The leaven (yeast) represents the kingdom of heaven in its influence.
The leaven imparts its character to the whole loaf, the church changes the character of people influenced by it.
The leaven rises silently, unostentatiously, suggesting the manner of the church's growth.
A little leaven is capable, given time, of leavening a vast amount.
The influence of the church will become very wide and extensive.
The fact that a woman took the leaven may not be a vital part of the illustration; but, if so, probably represents the church.SIZE>
All these things spake Jesus in parables unto the multitudes; and without a parable spake he nothing unto them: that it might be fulfilled which was spoken through the prophet, saying, I will open my mouth in parables; I will utter things hidden from the foundation of the world. - Psalms 78:2
This concluded the first four parables which were addressed to the multitudes. This restriction of Jesus' teachings to parables only was confined to certain occasions, especially this one. Halley pointed out, "Christ's teachings that day were parabolical." But, of course, there were other occasions when he did not use parables exclusively. The quotation from Psalms 78:2 showed that even in the choice of that teaching method Christ was following exactly the guidelines laid down in prophecy. The things "hidden from the foundation of the world" were mysteries mentioned earlier in this chapter. See under Matthew 13:17.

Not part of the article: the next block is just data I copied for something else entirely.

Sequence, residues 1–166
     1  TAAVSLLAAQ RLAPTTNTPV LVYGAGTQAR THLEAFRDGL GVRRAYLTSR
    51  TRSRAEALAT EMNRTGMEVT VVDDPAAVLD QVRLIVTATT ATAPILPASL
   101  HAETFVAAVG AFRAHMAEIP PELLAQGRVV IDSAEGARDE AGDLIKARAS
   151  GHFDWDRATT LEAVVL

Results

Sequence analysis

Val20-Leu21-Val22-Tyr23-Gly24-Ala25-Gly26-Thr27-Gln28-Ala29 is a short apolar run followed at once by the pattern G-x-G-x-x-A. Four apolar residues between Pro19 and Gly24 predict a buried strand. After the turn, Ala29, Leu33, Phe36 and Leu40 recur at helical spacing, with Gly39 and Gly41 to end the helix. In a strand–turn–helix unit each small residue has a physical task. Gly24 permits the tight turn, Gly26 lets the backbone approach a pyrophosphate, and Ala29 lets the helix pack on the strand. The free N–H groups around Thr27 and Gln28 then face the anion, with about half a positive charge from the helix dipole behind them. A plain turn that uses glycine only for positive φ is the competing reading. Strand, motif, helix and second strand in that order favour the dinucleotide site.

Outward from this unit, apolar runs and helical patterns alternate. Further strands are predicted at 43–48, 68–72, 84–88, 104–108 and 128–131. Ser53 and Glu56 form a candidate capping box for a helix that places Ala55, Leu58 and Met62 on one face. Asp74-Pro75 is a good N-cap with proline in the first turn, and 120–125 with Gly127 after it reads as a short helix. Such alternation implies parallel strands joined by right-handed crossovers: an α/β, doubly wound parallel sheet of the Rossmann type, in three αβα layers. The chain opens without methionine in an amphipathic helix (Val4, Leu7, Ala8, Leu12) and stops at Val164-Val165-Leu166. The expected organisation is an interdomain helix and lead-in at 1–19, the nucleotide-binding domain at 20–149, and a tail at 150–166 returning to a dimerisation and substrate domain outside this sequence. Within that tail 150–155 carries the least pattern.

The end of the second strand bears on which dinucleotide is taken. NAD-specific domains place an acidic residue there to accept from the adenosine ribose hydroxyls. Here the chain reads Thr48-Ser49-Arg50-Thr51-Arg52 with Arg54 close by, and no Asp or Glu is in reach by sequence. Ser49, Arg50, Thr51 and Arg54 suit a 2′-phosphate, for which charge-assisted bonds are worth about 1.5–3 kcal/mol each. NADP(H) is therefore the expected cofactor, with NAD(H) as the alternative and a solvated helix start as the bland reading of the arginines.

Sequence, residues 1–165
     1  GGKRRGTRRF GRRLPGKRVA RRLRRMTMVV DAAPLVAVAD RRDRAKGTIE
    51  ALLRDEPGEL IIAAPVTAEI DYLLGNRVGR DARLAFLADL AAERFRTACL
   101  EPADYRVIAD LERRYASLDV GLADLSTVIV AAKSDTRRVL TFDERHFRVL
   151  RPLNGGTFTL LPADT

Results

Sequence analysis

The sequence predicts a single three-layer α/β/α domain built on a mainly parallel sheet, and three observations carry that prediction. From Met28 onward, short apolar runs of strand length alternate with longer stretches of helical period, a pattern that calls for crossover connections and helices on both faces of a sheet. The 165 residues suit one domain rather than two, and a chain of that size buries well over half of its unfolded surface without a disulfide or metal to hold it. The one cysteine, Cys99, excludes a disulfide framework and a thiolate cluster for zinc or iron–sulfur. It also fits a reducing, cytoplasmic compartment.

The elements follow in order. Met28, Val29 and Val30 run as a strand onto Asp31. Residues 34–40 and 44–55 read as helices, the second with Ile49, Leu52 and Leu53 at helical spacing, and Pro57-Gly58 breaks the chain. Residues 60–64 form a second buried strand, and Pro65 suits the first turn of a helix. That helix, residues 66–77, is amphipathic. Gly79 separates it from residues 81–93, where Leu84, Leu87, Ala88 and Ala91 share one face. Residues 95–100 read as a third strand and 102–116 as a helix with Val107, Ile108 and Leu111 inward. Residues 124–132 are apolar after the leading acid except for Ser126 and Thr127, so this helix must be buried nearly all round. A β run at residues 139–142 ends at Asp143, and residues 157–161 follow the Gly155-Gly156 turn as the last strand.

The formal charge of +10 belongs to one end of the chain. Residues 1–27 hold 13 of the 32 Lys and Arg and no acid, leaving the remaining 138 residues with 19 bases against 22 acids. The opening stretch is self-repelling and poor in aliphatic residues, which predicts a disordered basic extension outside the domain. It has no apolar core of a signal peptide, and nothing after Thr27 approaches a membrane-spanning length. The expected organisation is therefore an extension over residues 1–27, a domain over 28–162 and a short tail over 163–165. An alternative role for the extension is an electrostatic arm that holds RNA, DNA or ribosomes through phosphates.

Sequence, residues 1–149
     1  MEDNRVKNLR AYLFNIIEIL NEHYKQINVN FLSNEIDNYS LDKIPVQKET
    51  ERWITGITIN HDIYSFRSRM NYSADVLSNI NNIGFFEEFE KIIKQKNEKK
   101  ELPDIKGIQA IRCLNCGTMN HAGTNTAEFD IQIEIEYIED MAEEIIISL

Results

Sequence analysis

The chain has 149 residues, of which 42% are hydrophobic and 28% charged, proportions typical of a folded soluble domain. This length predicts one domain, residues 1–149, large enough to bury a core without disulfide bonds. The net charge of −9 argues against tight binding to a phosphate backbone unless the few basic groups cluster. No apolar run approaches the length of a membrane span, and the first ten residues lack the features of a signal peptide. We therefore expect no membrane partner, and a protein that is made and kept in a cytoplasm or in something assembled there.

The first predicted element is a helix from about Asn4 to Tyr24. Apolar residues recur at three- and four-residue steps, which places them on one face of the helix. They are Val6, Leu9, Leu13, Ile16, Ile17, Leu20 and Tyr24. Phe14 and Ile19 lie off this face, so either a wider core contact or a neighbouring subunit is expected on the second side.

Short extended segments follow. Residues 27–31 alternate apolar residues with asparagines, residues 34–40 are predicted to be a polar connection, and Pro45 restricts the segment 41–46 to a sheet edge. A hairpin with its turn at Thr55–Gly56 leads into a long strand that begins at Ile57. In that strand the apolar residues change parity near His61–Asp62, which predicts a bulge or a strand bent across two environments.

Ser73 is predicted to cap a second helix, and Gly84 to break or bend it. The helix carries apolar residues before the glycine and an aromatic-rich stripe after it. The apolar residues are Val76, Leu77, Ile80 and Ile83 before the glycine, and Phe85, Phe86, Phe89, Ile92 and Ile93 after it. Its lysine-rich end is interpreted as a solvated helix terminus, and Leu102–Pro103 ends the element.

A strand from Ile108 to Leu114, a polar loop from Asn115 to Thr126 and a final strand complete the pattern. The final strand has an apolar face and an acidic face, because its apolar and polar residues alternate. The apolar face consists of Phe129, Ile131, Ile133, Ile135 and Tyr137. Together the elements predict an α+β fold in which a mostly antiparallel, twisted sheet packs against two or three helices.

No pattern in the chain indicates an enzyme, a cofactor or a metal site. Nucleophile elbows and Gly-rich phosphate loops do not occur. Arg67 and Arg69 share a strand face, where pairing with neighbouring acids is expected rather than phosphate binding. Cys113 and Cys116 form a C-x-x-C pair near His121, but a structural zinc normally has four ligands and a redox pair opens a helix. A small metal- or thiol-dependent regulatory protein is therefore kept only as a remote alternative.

John W. Haley, Discrepancies of the Bible (Nashville: B. C. Goodpasture, 1951), p. 331.
Then he left the multitudes, and went into the house: and his disciples came unto him saying, Explain unto us the parable of the tares of the field.
The desire of the disciples for an explanation of that parable is understandable. Even with the Lord's explanation, men do not fully understand it, as evidenced by the most diverse opinions regarding it. It must have appeared dark indeed before the Lord illuminated it.
Explanation of the Parable of the Tares of the Field:
And he answered and said, He that soweth the good seed is the Son of man.